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  1. #1
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    Russian cyber attack affected ‘significant number’ of Australians

    AUSTRALIA has blamed Russia for a series of cyber attacks that targeted Australian businesses, with the government warning it might not be the last.

    A “significant number” of Australian organisations have been affected by the attack, Minister for Law Enforcement and Cyber Security, Angus Taylor, confirmed.

    Australia joined the United States and Britain in alleging Russia was the culprit and “expressed concern at the malicious cyber activity”.

    “This attempt by Russia is a sharp reminder that Australian businesses and individuals are constantly targeted by malicious state and non-state actors, and we must maintain rigorous cyber security practices,” Mr Taylor said.

    It comes after a joint alert on the attacks from the US Department of Homeland Security, Federal Bureau of Investigation and the United Kingdom’s National Cyber Security Centre (NCSC) warning small-office and home-office customers were among the impacted.

    “Russian state-sponsored actors are using compromised routers to conduct spoofing ‘man-in-the-middle’ attacks to support espionage, extract intellectual property, maintain persistent access to victim networks, and potentially lay a foundation for future offensive operations,” the joint statement read.

    The allies allege Russian “state-sponsored” hackers accessed and infected commercially available routers around the world in a targeted campaign that focused on government agencies, infrastructure and businesses.

    “The activity highlighted today is part of a repeated pattern of disruptive and harmful malicious cyber action carried out by the Russian government,” Howard Marshall, FBI Deputy Assistant Director alleged.

    “We do not make this attribution lightly and will hold steadfast with our partners.”


    Government and private-sector organisations, critical infrastructure providers, and the internet service providers (ISPs) supporting these sectors were the primary targets.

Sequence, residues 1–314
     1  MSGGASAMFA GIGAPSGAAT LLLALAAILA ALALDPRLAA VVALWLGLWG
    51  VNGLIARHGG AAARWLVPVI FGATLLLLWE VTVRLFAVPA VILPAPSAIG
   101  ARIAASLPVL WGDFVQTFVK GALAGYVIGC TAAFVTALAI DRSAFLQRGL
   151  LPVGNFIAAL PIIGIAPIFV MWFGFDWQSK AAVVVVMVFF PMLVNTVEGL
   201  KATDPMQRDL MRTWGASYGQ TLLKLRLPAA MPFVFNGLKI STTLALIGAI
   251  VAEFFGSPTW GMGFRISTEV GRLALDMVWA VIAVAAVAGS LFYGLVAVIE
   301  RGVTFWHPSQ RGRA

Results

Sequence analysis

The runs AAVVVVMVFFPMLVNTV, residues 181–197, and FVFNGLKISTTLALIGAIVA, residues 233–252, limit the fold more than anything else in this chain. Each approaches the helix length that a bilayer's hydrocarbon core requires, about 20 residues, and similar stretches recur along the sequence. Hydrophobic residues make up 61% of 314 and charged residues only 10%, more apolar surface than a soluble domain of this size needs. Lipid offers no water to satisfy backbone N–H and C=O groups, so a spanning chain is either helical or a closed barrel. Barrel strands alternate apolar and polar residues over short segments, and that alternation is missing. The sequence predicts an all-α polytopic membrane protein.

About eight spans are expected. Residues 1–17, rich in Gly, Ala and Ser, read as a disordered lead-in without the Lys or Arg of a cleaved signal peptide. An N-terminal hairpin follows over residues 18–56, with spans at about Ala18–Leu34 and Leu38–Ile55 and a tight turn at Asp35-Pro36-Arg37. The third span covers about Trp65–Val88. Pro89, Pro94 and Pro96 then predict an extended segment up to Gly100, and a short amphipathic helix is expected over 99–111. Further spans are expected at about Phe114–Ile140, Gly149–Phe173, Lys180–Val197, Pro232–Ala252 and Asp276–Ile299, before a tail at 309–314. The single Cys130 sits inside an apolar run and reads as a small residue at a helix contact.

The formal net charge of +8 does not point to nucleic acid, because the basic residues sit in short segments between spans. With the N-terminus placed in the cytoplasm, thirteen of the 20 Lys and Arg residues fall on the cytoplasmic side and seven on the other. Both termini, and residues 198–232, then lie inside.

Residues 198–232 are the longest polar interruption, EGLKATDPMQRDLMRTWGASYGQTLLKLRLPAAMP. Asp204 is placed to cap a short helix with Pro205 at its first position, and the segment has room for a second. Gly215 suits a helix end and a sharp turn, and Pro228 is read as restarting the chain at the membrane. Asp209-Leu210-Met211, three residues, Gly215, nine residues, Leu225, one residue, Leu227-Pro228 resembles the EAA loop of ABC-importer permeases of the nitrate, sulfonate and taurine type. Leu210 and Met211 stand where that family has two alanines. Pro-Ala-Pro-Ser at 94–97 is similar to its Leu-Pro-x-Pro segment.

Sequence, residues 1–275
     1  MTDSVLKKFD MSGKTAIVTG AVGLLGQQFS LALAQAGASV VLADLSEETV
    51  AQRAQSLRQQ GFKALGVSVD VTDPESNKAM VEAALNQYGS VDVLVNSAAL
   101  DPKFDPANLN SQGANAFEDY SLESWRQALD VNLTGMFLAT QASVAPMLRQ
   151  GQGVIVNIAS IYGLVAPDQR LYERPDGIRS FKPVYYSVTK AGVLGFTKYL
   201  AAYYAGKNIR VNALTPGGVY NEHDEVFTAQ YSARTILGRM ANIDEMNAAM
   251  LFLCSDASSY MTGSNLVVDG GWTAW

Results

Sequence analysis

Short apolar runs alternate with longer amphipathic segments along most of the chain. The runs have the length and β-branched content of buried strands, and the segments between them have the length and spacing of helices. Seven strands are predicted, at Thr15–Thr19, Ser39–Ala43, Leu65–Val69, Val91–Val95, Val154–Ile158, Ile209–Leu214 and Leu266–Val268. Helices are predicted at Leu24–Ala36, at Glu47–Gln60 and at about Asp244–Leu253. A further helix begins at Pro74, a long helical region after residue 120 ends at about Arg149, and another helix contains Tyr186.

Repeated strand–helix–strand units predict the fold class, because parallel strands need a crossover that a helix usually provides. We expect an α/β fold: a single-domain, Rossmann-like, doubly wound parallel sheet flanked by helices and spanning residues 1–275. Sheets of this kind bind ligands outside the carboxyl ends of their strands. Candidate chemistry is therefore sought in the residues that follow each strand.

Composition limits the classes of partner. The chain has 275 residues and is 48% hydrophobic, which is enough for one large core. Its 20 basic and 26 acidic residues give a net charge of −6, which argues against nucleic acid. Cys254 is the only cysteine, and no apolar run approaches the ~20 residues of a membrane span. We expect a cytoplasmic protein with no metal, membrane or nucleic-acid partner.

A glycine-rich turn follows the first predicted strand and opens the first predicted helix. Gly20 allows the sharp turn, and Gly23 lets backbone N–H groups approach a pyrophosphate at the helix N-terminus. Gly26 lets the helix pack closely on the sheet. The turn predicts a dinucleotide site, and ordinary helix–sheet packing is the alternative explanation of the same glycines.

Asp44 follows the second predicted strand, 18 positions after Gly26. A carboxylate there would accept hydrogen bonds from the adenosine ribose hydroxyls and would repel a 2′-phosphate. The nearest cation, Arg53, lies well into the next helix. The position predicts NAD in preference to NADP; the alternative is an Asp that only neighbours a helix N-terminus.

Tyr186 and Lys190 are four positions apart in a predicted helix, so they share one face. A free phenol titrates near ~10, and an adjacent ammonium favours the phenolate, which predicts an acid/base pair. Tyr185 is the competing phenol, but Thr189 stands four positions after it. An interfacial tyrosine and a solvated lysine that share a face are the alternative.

“Commercially available routers were used as a point of entry, demonstrating that every connected device is vulnerable to malicious activity,” Mr Taylor said.

    The Australian Cyber Security Centre said it has engaged relevant Australian organisations, including through their internet service providers, to provide mitigation advice for those affected.

    Despite the fact there was no indication Australian information has been successfully compromised, Mr Taylor warned it didn’t mean Australians weren’t vulnerable.

    “These cyber exploits are directed at network infrastructure devices worldwide such as routers, switches, firewalls, and the Network Intrusion Detection System (NIDS),” he said.

    “Network device vendors, ISPs, public sector organisations, private sector corporations and small-office/home-office customers should read the alert (TA18-106A) and act on the recommended mitigation strategies.”

    The alert said the “cyber actors” used weaknesses to identify vulnerable devices, extract device configurations, map internal network architectures, harvest login credentials and masquerade as privileged users.

    “A malicious actor with presence on an organisation’s internal routing and switching infrastructure can monitor, modify, and deny traffic to and from key hosts inside the network and leverage trust relationships to conduct lateral movement to other hosts,” the alert said.

    Ciaran Martin, CEO of the National Cyber Security Centre, said the allied announcement was a first in tackling Russian espionage, and won’t be the last.

    “This is the first time that in attributing a cyber attack to Russia the US and the UK have, at the same time, issued joint advice to industry about how to manage the risks from the attack,” he said. “It marks an important step in our fight back against state-sponsored aggression in cyberspace.

    — Should any evidence of this activity be identified, organisations are urged to report the incident via the ACSC website.

  2. #2
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    Same game, different deck of cards.... Expect to see this happen many more times in the future. Manufactures are to sloppy and hackers are to persistent, not a good combo.


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